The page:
Encrypting a Linux/Windows dual-boot systemΒΆ

WARNING: This process requires a reinstallation of Linux. You should back up all of your data (In both Windows and Linux) before attempting this process

  • Install Windows (if it is not already installed)
  • Boot from Ubuntu Alternate Install CD (Or, if you’re installing another Linux distribution, be sure that the installer supports LUKS)
  • Choose to manually partition the disk
  • Resize your Windows partition
  • Create one partition about 50MB in size and set it as /boot
  • Create another encrypted partition as large as you want
  • Set up a Logical Volume Manager inside of the encrypted partition
  • Inside the LVM, create two volumes: One for your root filesystem and one for swap
  • Complete the installation as normal
  • Restart and boot into Windows
  • Install TrueCrypt (http://truecrypt.org) and do single-OS, system encryption
  • At a point in the process, you will have to make a rescue CD and save the rescue ISO somewhere. Save the ISO to a USB drive
  • Once installation and encryption are complete, boot from the Ubuntu Alternate Install CD again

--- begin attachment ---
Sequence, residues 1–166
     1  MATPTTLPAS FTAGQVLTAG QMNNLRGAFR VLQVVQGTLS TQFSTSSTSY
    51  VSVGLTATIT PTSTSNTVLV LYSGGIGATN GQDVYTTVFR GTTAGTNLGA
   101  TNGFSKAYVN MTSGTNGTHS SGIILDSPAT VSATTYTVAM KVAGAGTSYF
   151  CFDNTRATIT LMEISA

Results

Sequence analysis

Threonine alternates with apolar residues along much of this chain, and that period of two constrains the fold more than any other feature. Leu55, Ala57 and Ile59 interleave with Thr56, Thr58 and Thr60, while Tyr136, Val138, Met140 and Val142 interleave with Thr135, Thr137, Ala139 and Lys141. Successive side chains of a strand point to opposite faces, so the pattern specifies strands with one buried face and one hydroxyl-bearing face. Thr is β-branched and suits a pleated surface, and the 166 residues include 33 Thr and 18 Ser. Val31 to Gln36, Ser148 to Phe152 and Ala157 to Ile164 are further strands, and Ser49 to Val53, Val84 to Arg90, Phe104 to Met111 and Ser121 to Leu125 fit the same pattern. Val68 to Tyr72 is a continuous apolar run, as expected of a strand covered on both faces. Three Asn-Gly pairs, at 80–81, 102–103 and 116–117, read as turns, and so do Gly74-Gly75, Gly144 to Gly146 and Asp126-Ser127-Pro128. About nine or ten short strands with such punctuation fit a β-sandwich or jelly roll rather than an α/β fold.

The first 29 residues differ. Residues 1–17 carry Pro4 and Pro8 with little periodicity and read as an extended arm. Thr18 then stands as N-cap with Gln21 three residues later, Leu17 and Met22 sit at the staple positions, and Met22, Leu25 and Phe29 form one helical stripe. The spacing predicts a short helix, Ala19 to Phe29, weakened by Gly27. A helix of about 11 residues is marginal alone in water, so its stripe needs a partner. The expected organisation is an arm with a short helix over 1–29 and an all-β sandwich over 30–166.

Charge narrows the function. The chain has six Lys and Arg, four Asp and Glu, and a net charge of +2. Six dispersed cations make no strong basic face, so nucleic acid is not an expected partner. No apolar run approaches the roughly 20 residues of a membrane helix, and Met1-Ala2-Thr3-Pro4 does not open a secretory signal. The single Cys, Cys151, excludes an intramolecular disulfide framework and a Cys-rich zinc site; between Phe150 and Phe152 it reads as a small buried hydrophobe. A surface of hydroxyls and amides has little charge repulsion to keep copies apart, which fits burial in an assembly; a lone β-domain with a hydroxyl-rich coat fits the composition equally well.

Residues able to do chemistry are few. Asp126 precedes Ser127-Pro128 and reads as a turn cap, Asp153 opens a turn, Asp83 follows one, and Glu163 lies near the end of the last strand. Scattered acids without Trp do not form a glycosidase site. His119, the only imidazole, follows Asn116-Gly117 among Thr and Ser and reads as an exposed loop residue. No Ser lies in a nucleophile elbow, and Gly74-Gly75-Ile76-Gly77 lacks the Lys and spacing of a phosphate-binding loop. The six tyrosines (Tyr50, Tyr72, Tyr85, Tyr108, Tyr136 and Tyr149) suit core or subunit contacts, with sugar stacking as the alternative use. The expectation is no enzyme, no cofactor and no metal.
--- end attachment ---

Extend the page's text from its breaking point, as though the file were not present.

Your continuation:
• Choose “repair broken system”
  • Choose to execute a shell in your previously installed Ubuntu system
  • Reinstall Grub (Should be a menu option. If not, run grub-install /dev/sda)
  • Reboot into your local Ubuntu installation
  • Copy memdisk into your /boot partition(sudo cp /usr/lib/syslinux/memdisk /boot)
  • Copy the TrueCrypt ISO into the /boot partition
  • Edit/Create /etc/grub.d/40_Custom to look like this:
exec tail -n +3 $0
# Windows with TrueCrypt
menuentry "Windows" {
insmod part_msdos
insmod #### (Where #### is the filesystem for your /boot)
set root='(hd0,msdos# (Where # is the partition number for /boot))'
linux16 ($root)/memdisk iso raw
initrd16 ($root)/truecrypt.iso (Or whatever you named the TrueCrypt ISO)
  • Run sudo update-grub
  • Reboot

Your system should now have both the Windows and Ubuntu partitions encrypted. You will need to enter your encryption password for both of these. When you boot into Windows you will hear a brief system beep, but that is normal.

If you have any questions about this process, please contact Sysnet at rt@ices.utexas.edu

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